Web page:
The Blues Match

A Full Year Later

Congratulations Marathoners

One year ago I ran my first (and only to date) marathon.  Yesterday I watched runners completing that same marathon down the streets of Chicago.  It fueled my long run for the day.  It is always exciting to watch other runners doing what we love.  You can see the dedication on their faces and in the churning of their legs.  Especially in a marathon, you are witnessing their bodies doing what it has been trained to do over and over again.  It is almost automatic.  It doesn’t FEEL automatic for a great portion of the race, but as a spectator you can almost see all the training runs that runner has put in.

After the excitement came a bit of sadness.  I realized that it has been a full year since I have raced.  No half marathons, no 10Ks, not even a fun 5K.  I don’t consider myself much of a racer.  Racing is a separate skill from running.  There is strategy, precision, and competitiveness that all goes into being a good racer.  I don’t have any of those.  I haven’t raced enough to know what strategy works for me, pacing is still a major goal, and I’m really not driven, as some, competitively.  That being said, I didn’t choose to be raceless this last year.  If it was my choice maybe it wouldn’t have felt so bad, but because I couldn’t race it felt really horrible to think a year has passed.

I was raceless because my body gave out after Chicago.  I was spent.  Drained.  On empty.  Mentally I had dedicated years towards training without much of a break.  I was constantly pushing every run.  I was seeing the joy I got from running sliding into the background and sitting in the shadows, as the “I have to…” runs became the regular.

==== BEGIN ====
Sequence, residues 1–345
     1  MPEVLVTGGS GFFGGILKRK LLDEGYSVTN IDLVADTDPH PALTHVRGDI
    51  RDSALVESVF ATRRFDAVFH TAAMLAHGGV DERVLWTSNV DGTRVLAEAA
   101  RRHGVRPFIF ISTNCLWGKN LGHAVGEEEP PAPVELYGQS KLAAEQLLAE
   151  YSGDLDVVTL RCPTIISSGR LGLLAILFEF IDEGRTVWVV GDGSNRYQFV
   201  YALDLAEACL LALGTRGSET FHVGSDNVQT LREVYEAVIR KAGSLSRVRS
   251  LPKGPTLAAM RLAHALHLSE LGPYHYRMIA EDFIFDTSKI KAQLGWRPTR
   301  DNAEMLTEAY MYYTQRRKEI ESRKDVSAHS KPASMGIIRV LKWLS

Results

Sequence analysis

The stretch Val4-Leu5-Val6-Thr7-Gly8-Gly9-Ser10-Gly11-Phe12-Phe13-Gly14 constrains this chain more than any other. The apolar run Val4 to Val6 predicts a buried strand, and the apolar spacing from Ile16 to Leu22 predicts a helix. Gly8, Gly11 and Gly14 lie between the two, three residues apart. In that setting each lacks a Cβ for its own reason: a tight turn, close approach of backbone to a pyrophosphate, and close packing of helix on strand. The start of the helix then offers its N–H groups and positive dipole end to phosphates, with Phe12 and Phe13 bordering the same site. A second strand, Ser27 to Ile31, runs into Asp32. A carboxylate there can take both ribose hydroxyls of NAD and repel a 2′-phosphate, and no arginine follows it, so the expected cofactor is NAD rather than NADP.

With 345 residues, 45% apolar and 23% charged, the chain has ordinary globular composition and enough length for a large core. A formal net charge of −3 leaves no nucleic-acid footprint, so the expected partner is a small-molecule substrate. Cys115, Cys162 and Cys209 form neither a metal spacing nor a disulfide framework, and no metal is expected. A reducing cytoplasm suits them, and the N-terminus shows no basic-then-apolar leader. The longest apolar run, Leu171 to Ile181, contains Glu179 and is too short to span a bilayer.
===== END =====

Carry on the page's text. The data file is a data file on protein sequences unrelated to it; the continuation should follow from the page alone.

Physically, I was even more broken.  My iron stores (or my ferritin) levels were VERY low.  Despite my doctor feeling it was at the low end of normal, I could FEEL that it was not at all normal.  Even more telling my performance was suffering when I tried to run.  I couldn’t maintain my usual pace.  The tendons in my feet were still healing and sore.  My hamstring was the worst of it all.  It hurt on every run and it gave me no power to drive forward.  Then my hips began to hurt.  My body was failing me.

At least that’s what I started to think.  Until I realized I was failing my body.  I was not respecting all the work my body did day in and day out.  My body would carry me through 60+ miles a week, yet I couldn’t understand why I couldn’t run all those miles at my marathon pace or faster.  My body had just plowed through a marathon in pretty quick time for a newcomer, yet I did not allow for rest.  My body would endure double runs that I scheduled several days a week, yet I never slotted extra sleep in the morning to help with recovery and repair.  Sure, I would have my rest day, but one rest day was not going to help me if 6 other days I was slamming my body to its limits.

Finally, it began to crash.  And I woke up and took notice as to why it was crashing.  Ever since I saw my tower beginning to collapse, I vowed to respect my body.  Now providing myself not just a full diet, but also the supplements I need to keep things healthy.  I promised to take easy days easy.  EVERY single training plan does not tout easy days, yet not mean to actually take it easy.  I am not beyond what even the professionals runners do (THEY DO EASY RUNS!).  Pulling back takes as much effort sometimes as drilling myself into the ground.  And it takes courage.  It takes knowing that running slower does not mean I am losing fitness or not a “insert race and race time here (i.e. 1:35 half marathon…)” runner.  I need to have confidence that those runs are actually what benefits me AS MUCH as the fast tempos and speed sessions and long runs.  While I wish I could have back the time I had to take off from running, I wouldn’t give up some of the lessons I had learned in that process.  I truly believe I am a better runner (be it faster or slower…) because of it.

Congratulations to all the runners who ran Chicago yesterday!  You made me smile and reflect, yet again, on what last year’s Chicago marathon taught me.

The Harrison Classic

The North End was rated one of the 10 best neighborhoods in 2008.  Harrison Blvd. is a main component of that.  We live in the foothills of the North End.  Just a 5 minute bike ride to Harrison Blvd.  When the kids were excited to participate in the Harrison Classic, a one mile kids only run that goes down Harrison Blvd, I was ecstatic!  Running, close to home, and a beautiful environment?  Win-win-win.  Kids had a great time, minus a few sour grapes attending the race.  They participated all by themselves.  I was so happy for them to run all on their own.

Take Off Brodie!

Marley, Marley, Marley!!

Go Cale!